Back in March, the Apple Card was announced, which is a credit card that Apple made in collaboration with Goldman Sachs and MasterCard. While initially, it seemed like a promising deal, just a few months after it started rolling out, the Apple Card has become a point of contention.
The controversy started last week on Thursday when a tech entrepreneur, David Heinemeier Hansson, made a series of tweets slamming the Apple Card for having sexist undertones when determining creditworthiness. Hansson claimed that he was receiving 20 times the credit limit that his wife was allowed by the credit card, despite his wife having a better credit score than him.
The @AppleCard is such a fucking sexist program. My wife and I filed joint tax returns, live in a community-property state, and have been married for a long time. Yet Apple’s black box algorithm thinks I deserve 20x the credit limit she does. No appeals work.— DHH (@dhh) November 7, 2019
Soon, the tweets gained traction. Even Apple's co-founder Steve Wozniak chimed in, voicing his concerns in a similar issue.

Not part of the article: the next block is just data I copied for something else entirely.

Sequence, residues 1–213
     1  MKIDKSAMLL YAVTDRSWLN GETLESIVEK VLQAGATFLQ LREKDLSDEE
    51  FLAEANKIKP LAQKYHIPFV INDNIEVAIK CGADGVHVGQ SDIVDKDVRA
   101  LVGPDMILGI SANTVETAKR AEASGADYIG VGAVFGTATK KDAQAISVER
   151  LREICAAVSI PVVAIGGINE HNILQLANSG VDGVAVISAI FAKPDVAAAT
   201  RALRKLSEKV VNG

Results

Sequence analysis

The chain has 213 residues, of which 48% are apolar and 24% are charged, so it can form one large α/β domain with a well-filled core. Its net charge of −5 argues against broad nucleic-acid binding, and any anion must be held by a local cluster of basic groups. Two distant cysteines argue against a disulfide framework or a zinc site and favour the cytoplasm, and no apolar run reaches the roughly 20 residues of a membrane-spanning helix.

The same thing happened to us. I got 10x the credit limit. We have no separate bank or credit card accounts or any separate assets. Hard to get to a human for a correction though. It's big tech in 2019.— Steve Wozniak (@stevewoz) November 10, 2019
Subsequently, the public's disconcerting observations led to Linda Lacewell, the superintendent of the New York Department of Financial Services, claiming that her department will probe into the issue. She further added that "Any algorithm, that intentionally or not results in discriminatory treatment of women or any other protected class of people violates New York law."
Yesterday, Andrew Williams, a spokesperson for Goldman Sachs claimed that "In all cases, we have not and will not make decisions based on factors like gender." Following this, today, Goldman Sachs released an official statement in a tweet giving its take on the controversy.
In the statement, Goldman Sachs stated that gender or marital status does not factor in during the Apple Card application. And that the algorithms in place were tested with third-party reviewers to steer clear of such biases.
The firm also hinted at a potential cause that might have sparked a controversy in the first place. Goldman Sachs wrote that the accounts with the lower credit limits might be "supplementary cards under their spouse's primary account - which may result in the application having personal limited history."
Furthermore, the investment company added that it wants to hear from people who think that their "credit line does not adequately reflect [their] credit history." And that after submission of additional documents, the credit limits for the affectees might be re-evaluated.